I haven’t really thought much about Mr. Trump prior to recent years. I remember watching one or two episodes of The Apprentice, and realizing that it wasn’t my thing. I don’t really care for “reality tv” at all, but I mean that the attitudes and behaviors of the show weren’t my thing. The episode I remember watching included two tasked with getting more people to call a phone number than the other team. The team that won used the only megaphones available in New York City, which the other team had reserved – they simply showed up at the store and claimed to be the other team. This was praised! As I watched, I recognized that I didn’t have what it took to be successful in that world; I don’t have that willingness to do anything to win. It seems that is what it takes to be successful, not only in “The Donald’s” world, but in the church world as well.
Since the election, I have actually been pretty excited about a Trump presidency. Not so much for him, but for the people he is assembling for his cabinet. For the most part, they are very successful people. To be sure, there are a few ideological bones thrown in for Conservatives, but his focus has primarily been on who he thinks has 1) a proven track record of success, 2) great likely-hood to be successful in the future, and 3) the greatest ability to help him be successful as well. I am really excited about some of his choices (blown away that he has made those choices, in fact), but I am also quite aware of how different I am to those people. Just as with The Apprentice, thinking about these cabinet picks reminds me that I am not the type of person who would be selected for such a thing in 20 years or so.
I don’t have a successful track record. I have pastored two churches and seen them both reduced in population, energy, outreach, and budget through my time as pastor. Maybe we will turn things around, maybe we won’t; but I can’t claim to be successful in ways that people outside looking in would acknowledge. Just as was the case when I went to boot camp, I am not the person making Honor Recruit, which I would have very much liked to have been. That position went to our guidon. Instead, I became a platoon clown, of sorts. In Seminary, I would have very much liked to have been one of the six students picked to preach in chapel at the end of the year, felt myself competitive in that sense, and saw myself not even be considered. Not quite the All Star I want to be.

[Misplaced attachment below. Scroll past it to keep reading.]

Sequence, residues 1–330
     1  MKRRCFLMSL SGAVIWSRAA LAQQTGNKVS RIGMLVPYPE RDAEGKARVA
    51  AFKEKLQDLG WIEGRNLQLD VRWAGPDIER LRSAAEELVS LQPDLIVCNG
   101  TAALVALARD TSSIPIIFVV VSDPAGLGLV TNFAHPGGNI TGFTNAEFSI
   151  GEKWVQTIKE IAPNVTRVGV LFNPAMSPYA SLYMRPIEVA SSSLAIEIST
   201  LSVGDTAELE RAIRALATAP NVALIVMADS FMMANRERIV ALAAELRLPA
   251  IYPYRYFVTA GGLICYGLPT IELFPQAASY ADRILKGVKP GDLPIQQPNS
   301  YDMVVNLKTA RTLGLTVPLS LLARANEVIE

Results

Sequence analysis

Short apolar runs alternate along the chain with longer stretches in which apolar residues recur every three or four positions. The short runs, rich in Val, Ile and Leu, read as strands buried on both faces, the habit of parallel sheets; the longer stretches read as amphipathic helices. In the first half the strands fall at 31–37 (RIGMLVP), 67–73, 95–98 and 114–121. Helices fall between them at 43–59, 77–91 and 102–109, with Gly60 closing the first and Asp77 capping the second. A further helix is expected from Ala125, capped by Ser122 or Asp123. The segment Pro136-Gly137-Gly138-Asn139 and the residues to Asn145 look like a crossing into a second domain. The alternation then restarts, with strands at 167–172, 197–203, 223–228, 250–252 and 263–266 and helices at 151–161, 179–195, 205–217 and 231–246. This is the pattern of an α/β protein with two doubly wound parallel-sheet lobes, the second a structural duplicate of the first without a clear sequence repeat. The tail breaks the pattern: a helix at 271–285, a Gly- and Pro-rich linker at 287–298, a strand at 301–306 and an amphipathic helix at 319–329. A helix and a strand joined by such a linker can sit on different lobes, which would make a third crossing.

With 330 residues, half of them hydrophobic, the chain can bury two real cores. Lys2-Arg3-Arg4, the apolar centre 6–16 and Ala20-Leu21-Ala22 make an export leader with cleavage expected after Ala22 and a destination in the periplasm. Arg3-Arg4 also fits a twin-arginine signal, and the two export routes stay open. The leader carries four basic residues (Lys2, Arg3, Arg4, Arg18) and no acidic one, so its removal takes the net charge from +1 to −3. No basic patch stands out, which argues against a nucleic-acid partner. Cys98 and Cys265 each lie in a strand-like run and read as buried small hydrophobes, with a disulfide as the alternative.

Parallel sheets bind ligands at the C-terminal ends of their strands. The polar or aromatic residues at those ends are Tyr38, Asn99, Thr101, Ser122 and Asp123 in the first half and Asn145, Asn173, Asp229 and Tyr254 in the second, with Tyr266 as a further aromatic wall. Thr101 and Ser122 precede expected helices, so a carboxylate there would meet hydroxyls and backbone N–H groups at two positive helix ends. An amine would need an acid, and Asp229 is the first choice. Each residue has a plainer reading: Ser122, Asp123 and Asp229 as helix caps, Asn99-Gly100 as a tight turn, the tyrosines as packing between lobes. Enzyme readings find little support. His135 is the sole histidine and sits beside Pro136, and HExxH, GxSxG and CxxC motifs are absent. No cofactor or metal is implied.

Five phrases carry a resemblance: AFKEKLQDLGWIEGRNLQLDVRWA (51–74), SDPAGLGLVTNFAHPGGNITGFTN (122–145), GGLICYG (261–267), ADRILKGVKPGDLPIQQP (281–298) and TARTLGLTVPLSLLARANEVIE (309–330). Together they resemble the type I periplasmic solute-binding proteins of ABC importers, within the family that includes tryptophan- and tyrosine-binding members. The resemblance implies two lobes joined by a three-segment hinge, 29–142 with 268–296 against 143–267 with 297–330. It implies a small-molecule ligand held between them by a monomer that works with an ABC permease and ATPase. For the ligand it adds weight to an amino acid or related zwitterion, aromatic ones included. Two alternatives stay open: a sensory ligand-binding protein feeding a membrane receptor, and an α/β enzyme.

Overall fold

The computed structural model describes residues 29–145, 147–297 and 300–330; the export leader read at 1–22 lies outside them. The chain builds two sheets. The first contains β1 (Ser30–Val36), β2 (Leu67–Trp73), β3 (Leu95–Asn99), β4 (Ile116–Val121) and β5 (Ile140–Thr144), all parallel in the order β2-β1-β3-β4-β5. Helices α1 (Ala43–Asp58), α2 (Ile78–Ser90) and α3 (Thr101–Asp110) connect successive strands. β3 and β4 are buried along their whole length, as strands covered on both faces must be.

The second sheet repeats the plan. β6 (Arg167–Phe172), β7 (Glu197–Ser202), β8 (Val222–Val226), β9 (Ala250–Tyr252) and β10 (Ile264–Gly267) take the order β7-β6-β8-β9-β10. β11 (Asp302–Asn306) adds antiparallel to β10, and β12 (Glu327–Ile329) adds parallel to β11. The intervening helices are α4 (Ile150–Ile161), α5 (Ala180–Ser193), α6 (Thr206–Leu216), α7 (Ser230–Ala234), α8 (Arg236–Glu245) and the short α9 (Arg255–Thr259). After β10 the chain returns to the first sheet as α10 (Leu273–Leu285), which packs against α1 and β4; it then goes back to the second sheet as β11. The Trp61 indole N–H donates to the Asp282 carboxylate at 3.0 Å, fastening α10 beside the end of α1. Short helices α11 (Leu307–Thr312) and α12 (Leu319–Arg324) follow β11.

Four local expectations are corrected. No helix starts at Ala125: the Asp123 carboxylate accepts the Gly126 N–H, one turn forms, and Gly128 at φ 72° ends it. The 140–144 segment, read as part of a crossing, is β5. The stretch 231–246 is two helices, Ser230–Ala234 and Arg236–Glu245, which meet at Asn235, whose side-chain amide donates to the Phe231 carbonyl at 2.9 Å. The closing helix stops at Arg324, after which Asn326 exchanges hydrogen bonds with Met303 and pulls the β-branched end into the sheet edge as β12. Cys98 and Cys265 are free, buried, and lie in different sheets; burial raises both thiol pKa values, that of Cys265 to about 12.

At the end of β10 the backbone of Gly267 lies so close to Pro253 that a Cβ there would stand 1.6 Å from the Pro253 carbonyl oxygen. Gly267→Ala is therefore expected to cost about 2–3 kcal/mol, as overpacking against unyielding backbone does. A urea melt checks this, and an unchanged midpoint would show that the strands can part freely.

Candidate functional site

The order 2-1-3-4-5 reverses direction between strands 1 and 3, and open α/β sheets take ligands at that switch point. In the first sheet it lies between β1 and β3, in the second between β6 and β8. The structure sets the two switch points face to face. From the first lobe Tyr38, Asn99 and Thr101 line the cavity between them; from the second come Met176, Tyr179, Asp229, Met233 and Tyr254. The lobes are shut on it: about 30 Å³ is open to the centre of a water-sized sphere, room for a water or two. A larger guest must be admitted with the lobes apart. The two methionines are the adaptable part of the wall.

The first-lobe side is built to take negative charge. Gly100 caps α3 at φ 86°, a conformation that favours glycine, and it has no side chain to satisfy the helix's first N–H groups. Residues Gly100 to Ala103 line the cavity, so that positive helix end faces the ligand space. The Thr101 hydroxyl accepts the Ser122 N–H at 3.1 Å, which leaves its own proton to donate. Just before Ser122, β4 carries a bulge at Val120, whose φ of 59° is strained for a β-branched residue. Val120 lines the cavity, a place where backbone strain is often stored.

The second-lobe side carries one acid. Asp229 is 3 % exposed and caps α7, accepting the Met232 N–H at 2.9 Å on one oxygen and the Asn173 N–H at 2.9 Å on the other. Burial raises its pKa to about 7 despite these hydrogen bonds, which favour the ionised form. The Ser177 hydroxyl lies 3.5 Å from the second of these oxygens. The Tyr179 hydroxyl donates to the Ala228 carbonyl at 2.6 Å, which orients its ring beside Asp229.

The one time I was an All Star, and this is going back to when I was 10, I played on an All Star soccer team that won first place in a tournament! I was our star goalie and played a pivotal role in helping us beat the B Travelling Team for our area; a mean feat, I assure you. But when the tournament came, I played one game. While warming up for the second game, I jammed a finger trying to catch a ball and basically wussed out of the rest of the tournament because I was afraid of letting the team down. I didn’t know if I had what it would take to play hurt. I was equally good in the field, and could have helped in any other position, but the coach kept me on the bench for the rest of the weekend. That was a failure that stays with me.
So, I know I’m not the kind of person that Trump, and most people today (whether believers or not, for that matter) respect and want around them. We want success. We want to know that we will be considered to be cool if we sit at your table. Oh sure, there are friends who are glad to be with you and to know you, but they are few and far between. As I write, I am thinking about the church culture; it is hard to draw a crowd if you’re not cool, and I’m not cool.